HEY, LADIES: CHECK OUT MY FACULTY ID is in McSweeny's today, and ohmyfreakinggod, it is going to Make. Your. Day.

"Damn straight I'm on track for tenure. Soon enough, I'll have a dozen PhD students. We'll publish the shit out of our research."

4 responses so far

A day in the life of an unemployed neuroscientist

Jan 09 2011 Published by under Uncategorized

I've heard on several occasions that when a person first learns they'll be losing their job, the number one stressful thought isn't "How will I provide for myself and my family?" but "What on earth am I supposed to do all day?" I can imagine--while the idea of long, drawn-out days with nowhere to go, nothing required of you may initially sound pretty OK, as they start to add up, a growing sense of  lack-of-purpose might start to nag. And then that nag might turn into something bigger--a slow, twisting pang of hopelessness that gets more pronounced with every turn of the calendar page.

Thankfully, I'm not there yet--not even close. Between the holidays, the first faculty interview (no. 2 very soon!), plus a little side project I've been working on, the days have been different and busy enough that I haven't yet lapsed into a daily routine of boredom-fueled binge eating and video games.

I made a couple of rules for myself, the first being that I have to leave the house every day. Even if it's just to walk to the store to buy cat food, I am under no circumstances allowed to spend the entire day indoors in my sweatpants. Second, I must exercise often. Exercise is good not only for getting rid of those nasty love handles that mysteriously popped up around the time I went to three holiday "cookie parties" in one weekend, but also for generally feeling good in my brain. I've decided that even if I end up with a little credit card debt, I'm keeping my gym membership; going to the gym gives me energy and makes me happy, and those are two things that an unemployed person needs, badly.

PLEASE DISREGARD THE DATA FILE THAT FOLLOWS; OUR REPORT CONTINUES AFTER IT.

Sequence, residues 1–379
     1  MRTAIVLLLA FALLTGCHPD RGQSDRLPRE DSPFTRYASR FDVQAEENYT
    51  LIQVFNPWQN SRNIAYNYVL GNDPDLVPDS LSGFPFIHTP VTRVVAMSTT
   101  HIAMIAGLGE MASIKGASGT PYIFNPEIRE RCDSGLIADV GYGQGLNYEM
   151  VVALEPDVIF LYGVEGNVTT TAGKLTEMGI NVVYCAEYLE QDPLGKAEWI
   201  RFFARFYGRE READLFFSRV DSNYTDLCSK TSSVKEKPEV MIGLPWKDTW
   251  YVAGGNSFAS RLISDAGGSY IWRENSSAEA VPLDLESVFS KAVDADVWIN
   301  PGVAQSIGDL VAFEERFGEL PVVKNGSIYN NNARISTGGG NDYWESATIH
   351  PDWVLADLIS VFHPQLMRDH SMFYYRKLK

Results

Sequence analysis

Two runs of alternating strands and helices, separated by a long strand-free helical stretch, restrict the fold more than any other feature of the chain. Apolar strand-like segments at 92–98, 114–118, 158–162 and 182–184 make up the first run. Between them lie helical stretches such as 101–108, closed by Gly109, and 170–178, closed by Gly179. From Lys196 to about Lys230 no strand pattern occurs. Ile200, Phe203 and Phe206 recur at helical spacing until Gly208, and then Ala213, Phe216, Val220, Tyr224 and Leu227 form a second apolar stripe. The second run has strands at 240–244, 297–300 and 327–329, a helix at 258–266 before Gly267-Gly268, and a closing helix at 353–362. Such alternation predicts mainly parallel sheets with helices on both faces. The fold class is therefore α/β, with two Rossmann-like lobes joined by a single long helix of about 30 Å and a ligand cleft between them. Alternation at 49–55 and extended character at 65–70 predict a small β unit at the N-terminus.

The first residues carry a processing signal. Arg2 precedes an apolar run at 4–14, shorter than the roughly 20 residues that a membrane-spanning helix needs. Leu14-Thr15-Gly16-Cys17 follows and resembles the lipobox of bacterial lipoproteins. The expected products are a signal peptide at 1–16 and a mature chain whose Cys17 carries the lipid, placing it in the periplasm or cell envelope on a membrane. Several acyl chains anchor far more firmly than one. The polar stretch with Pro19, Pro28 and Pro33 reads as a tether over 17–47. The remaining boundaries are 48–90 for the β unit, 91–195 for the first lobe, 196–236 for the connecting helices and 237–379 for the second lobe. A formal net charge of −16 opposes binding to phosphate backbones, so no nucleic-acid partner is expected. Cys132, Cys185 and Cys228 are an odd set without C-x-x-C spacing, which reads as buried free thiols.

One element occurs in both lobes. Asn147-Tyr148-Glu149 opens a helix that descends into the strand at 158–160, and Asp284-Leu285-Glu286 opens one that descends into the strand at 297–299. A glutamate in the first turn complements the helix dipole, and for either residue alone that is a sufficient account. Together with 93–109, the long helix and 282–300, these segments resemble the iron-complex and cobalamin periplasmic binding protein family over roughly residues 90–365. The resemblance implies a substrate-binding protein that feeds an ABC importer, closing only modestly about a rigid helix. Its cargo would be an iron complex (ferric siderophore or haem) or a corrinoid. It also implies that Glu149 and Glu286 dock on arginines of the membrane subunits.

The money thing is a much bigger problem--as you might imagine, the NIH post-doctoral minimum salary doth not very far stretch here in the Big Apple, and my savings are, one could say, lilliputian. Now, I will be the first to admit that I haven't exactly lived an ascetic's lifestyle in the last five years, but that is currently neither here nor there. The reality is that J and I may have to move, probably to Queens, where rents are substantially cheaper than in Brooklyn. I went out there earlier this week to check out our options, and was greeted by a woman carrying a live parrot on her shoulder who showed me an apartment with blood on the bedroom floor. I wish I were kidding.

I also signed up to receive unemployment benefits, which is one of the most humbling things I've ever done. I felt bad, like I was taking it from someone who "really" needed it (and yes, I realize that the fact that I had that thought speaks loads of my privileged existence thus far). But I do need it, or I will not be able to pay my rent, even if it is in a blood-spattered apartment in Queens. This week, I have to go to a Career Assistance appointment at the NY State Department of Labor. I wonder if they have an in at  SUNY?

But life is not all sadness and dismay!  I cashed in some credit card miles, and in a couple of weeks I travel to a warm state to visit my sister, and will give two seminars while I'm down there. I went to the opthamologist and dentist, and received reports that my eyes haven't worsened and that I'm a good brusher. Without saying too much, things are...progressing...on the faculty front, and even possibly on the interim-job front. I am optimistic that life will not be horrible.

15 responses so far